Cr Ros Heit, Cr Heath Sander, Deputy Mayor Danita Potter, Mayor Kathy Duff, Cr Linda Little, Cr Deb Dennien and Cr Jane Erkens with the 2024-25 Budget handed down on Wednesday

This report has been updated. Please see “Rates Rise $140 A Year, Not $370”

July 10, 2024

An average resident in Kingaroy will most likely be paying about an extra $7 a week in rates and charges following the adoption of Council’s 2024-24 Budget.

The Budget was handed down on Wednesday morning, and passed unanimously by all councillors.

While rates are rising 2 per cent,  water access charges, the waste management levy, and wheelie bin and recycling bin collection charges will rise by 6 per cent, and sewerage access charges will rise 3 per cent.

The net effect will see an average Kingaroy home’s total rates bill rise by almost $370 per annum, or about $7 per week, and slightly less in the region’s other towns.

To help mitigate the effect of the increase, Council will retain its 10 per cent discount for prompt payment and $200 per year discount for pensioners.

Council will also continue its three-year averaging on properties which received sharp increases in the 2022 round of State Government land valuations.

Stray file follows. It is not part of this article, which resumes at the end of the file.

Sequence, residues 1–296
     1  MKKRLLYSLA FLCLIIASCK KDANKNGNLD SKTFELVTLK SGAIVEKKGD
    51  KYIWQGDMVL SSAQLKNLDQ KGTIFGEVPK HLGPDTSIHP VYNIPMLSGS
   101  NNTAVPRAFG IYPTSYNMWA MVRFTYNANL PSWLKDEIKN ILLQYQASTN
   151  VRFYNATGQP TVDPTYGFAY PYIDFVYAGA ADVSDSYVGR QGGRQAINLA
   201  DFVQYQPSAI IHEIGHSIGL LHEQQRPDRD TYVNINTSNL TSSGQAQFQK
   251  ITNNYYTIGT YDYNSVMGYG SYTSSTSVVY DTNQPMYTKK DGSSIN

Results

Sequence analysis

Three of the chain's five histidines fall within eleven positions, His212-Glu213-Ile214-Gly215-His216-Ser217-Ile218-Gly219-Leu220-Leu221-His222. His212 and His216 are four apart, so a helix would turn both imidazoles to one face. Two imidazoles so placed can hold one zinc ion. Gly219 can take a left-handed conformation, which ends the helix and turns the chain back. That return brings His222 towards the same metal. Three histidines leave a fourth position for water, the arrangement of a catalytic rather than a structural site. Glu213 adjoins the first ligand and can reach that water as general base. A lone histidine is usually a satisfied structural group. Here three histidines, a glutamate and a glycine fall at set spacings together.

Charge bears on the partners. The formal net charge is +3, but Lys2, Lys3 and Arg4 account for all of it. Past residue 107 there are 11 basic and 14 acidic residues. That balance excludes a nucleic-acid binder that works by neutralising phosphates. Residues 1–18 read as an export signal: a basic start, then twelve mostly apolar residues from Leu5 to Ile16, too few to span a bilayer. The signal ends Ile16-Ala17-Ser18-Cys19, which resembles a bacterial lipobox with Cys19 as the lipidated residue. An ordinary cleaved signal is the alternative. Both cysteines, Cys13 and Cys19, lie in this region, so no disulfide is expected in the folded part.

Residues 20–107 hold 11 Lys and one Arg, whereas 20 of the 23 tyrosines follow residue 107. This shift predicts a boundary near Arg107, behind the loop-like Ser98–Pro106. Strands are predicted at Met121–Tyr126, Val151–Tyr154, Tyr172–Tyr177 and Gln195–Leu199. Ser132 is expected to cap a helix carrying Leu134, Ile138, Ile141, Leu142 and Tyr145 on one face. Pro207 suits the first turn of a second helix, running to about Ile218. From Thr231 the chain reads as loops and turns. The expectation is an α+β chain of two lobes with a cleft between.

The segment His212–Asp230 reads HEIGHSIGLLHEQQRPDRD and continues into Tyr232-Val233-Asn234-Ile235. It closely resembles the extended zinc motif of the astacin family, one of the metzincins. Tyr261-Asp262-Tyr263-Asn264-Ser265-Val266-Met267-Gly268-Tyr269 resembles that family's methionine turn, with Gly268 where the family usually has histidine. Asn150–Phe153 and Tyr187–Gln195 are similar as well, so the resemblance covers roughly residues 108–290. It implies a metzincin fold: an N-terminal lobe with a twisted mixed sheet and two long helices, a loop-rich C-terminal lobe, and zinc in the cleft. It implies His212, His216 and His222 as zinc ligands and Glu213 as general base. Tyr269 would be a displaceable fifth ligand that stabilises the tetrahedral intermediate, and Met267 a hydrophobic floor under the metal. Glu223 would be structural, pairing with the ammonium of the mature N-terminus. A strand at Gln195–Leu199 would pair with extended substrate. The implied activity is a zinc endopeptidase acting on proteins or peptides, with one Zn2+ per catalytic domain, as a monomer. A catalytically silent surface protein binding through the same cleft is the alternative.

In return, Mayor Kathy Duff has promised to lead a “no frills, back-to-basics Council” with a focus on delivering essential services, despite a $3.59 million operational deficit.

The SBRC’s deficit is not expected to return to surplus until 2028-29.

The is the first time for three years that all councillors have agreed to endorse all parts of the Budget.

General Manager Finance and Corporate Susan Jarvis told the meeting there will be no additional borrowings over the next 12 months.

However, Council is planning to borrow in the 2025-26 and 2026-27 financial years to assist with costs associated with the Gordonbrook Dam Wall upgrade and a new landfill waste area.

Council’s borrowings with the Queensland Treasury Corporation were predicted to be $23.838 million at June 2024.

Total borrowings will be reduced to $20.337 million over the next 12 months through loan repayments, with a large portion of Council’s current loans due to be paid out by 2030-31.

Mayor Duff with the Council team who led the workshops with councillors and drafted the Budget … from left, Acting General Manager Liveability Leanne Petersen, CEO Mark Pitt PSM, Mayor Kathy Duff, Manager of Finance and Sustainability Kerri Anderson, General Manager Finance and Corporate Susan Jarvis and General Manager Infrastructure Aaron Meehan